Between academic discovery and product development lurks a lull in research funding that inventors call the “chasm of death,” where a prototype or a proof ...
Using phage-assisted continuous evolution (PACE) technology developed by Harvard professor David Liu and his co-workers, a team of researchers has evolved new forms of a natural insecticidal protein called “Bt toxin,” which can be used to help control Bt toxin resistance in insects.
In myriad ways, Harvard is working across its campus to reduce energy use, curb climate change.
The Office for the Arts at Harvard (OFA) and the Council on the Arts at Harvard, a standing committee of the Faculty of Arts and Sciences, are pleased to ...
Cassandra Extavour is the author of a new study that points to a different mechanism as an ancestral process for specifying germ cells.
Legendary tenor and opera director Plácido Domingo was masterful in a charming conversation called “Giving Voice” at Sanders Theatre.
A new study published in the Journal of the American Medical Association shows that income is closely correlated with life expectancy, with the richest Americans living as much as 15 years longer than the poorest — and even the poor living longer in wealthy areas.
Sixty-five FAS employees from 45 departments were recognized with the annual Dean’s Distinction Awards.
Orlando Patterson, the John Cowles Professor of Sociology at Harvard University, has received the Lifetime Achievement Award as part of the 2016 Anisfield-Wolf Book Awards.
When portraits on institutional “walls of fame” are almost exclusively of white men, it sends a message that can have psychological and performance effects, two researchers said at a recent Diversity Dialogue.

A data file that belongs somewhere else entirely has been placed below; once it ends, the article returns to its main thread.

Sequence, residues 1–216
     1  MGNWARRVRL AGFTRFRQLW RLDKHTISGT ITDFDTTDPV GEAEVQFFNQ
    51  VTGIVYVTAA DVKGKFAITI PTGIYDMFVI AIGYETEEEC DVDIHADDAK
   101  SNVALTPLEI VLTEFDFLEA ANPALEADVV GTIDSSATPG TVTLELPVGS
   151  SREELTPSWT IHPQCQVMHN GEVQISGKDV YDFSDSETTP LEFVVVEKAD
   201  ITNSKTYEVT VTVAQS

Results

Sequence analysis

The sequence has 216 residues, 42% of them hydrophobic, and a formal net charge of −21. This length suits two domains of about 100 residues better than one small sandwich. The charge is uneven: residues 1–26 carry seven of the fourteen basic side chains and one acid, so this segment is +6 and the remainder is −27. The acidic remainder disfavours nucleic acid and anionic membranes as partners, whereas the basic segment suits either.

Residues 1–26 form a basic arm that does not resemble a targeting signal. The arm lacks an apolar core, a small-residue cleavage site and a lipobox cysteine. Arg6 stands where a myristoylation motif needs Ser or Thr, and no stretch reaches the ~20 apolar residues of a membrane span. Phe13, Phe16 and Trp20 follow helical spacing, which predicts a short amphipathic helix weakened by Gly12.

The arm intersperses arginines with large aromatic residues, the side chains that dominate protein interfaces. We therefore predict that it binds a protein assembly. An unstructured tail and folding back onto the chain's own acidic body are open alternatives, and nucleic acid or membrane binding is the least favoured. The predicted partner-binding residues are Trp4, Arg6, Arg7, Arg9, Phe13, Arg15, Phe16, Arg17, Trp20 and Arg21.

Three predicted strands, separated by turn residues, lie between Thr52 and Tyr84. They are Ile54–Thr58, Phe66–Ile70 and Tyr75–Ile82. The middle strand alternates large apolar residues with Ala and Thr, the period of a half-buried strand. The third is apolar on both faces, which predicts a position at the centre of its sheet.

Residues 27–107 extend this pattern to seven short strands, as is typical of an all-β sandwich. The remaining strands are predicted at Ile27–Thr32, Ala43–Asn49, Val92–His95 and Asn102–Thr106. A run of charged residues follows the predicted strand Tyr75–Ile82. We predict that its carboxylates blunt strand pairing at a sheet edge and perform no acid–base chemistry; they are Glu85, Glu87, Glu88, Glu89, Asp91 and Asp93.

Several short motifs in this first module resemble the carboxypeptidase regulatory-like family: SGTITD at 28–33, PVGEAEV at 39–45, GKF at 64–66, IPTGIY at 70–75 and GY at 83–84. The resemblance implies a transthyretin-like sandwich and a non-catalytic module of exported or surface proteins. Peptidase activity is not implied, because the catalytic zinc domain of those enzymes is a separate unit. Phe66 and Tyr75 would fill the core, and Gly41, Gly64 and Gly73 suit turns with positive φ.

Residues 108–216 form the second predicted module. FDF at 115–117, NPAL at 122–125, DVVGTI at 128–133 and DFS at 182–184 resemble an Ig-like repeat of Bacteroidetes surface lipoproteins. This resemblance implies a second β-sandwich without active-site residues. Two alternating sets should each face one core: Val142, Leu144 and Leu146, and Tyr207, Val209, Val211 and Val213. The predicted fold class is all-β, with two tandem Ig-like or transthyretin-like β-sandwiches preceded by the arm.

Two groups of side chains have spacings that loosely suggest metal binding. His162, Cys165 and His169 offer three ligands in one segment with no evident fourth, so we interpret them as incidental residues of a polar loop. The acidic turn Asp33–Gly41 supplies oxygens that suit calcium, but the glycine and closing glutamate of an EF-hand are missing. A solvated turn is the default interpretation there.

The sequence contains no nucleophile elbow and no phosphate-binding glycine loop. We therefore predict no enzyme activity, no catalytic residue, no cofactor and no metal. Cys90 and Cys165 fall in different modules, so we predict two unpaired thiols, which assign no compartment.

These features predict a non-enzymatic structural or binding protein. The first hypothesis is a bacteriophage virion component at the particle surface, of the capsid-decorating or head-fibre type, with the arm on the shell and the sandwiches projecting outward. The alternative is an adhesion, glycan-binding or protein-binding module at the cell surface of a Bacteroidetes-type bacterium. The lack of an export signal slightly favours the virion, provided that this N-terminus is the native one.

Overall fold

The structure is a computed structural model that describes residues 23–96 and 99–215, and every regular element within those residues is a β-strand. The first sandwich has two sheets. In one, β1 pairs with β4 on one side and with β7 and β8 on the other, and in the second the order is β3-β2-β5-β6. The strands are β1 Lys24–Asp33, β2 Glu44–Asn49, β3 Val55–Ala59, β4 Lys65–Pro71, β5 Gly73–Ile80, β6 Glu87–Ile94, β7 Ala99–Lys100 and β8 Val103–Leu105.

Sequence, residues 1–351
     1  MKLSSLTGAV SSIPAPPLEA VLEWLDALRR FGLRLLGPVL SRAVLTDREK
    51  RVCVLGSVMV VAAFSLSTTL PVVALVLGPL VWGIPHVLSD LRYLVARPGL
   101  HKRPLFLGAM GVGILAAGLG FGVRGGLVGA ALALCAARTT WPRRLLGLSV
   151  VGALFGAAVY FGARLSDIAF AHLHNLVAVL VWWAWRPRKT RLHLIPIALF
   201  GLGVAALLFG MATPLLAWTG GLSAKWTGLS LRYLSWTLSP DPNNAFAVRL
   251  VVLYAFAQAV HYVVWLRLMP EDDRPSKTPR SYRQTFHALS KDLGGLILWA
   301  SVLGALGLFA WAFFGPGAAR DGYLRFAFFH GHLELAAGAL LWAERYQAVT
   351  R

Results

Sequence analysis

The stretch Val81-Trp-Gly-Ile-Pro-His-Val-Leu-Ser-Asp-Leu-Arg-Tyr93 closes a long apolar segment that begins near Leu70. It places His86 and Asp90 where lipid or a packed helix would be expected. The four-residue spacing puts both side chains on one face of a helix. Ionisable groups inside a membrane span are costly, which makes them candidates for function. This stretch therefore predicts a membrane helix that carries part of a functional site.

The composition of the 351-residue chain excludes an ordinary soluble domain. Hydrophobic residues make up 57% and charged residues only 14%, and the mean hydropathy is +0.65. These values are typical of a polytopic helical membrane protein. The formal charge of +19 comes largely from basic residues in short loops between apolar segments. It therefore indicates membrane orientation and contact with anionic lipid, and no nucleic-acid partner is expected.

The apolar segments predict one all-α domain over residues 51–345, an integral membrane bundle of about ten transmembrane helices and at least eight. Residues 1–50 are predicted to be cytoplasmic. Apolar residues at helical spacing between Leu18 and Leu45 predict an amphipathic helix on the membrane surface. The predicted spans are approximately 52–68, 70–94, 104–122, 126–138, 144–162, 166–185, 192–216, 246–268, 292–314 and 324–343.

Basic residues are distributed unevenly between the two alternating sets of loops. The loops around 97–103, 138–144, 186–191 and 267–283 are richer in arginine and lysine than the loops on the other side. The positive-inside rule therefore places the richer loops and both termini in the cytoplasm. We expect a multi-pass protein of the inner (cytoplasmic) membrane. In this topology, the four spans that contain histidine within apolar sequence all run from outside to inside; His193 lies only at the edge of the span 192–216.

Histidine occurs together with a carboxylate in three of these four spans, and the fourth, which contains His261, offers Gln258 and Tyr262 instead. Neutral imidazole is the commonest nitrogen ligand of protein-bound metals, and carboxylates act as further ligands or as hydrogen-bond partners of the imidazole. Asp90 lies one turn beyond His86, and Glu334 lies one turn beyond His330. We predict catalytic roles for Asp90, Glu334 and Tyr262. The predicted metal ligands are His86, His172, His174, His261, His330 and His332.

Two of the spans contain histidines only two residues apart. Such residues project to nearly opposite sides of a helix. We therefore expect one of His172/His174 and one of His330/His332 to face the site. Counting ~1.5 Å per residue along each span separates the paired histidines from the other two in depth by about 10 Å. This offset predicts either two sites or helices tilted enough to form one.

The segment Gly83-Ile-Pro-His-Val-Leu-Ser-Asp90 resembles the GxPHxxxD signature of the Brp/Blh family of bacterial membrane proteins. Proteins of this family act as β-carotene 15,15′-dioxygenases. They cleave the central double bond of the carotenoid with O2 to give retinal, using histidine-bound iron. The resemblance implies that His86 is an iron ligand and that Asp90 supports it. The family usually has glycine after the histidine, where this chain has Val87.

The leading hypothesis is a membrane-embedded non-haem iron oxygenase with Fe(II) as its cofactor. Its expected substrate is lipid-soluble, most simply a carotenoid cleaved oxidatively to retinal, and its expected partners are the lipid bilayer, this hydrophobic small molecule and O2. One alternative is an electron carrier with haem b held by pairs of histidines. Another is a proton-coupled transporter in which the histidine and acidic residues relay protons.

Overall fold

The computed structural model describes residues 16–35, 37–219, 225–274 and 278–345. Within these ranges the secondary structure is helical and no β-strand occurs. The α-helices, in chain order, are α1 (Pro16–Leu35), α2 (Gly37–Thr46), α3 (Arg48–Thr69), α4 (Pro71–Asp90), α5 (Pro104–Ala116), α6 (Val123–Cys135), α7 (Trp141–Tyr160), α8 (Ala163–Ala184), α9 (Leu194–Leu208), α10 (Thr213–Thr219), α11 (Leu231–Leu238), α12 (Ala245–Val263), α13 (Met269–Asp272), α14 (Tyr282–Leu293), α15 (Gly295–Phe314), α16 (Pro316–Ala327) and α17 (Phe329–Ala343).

By examining more than 500 years of harvest records, researchers found that wine grape harvests across France, on average, now occur two weeks earlier than in the past, largely due to climate change. While earlier harvests are normally associated with higher quality wines, researchers caution the trend likely won’t last.
Robin Kelsey, chairman of the Department of History of Art and Architecture, has been named dean of arts and humanities. He will begin July 1.
Harvard Business School M.B.A. students dig deep into texts of the Roman Empire to unearth lessons about leadership today.
A study last year claiming that more than half of all psychology studies cannot be replicated turns out to be wrong. Harvard researchers have discovered that the study contains several statistical and methodological mistakes, and that when these are corrected, the study actually shows that the replication rate in psychology is quite high.
Grasslands across North America will face higher summer temperatures and widespread drought by the end of the century, a study says, but those negative effects should be offset by an earlier start to the spring growing season and warmer winter.
Distinguished scholar and activist Sir Hilary Beckles, who is leading the international effort to seek restitution from European nations that engaged in the slave trade in the Caribbean, made the case for reparations during a talk at Harvard Law School this week.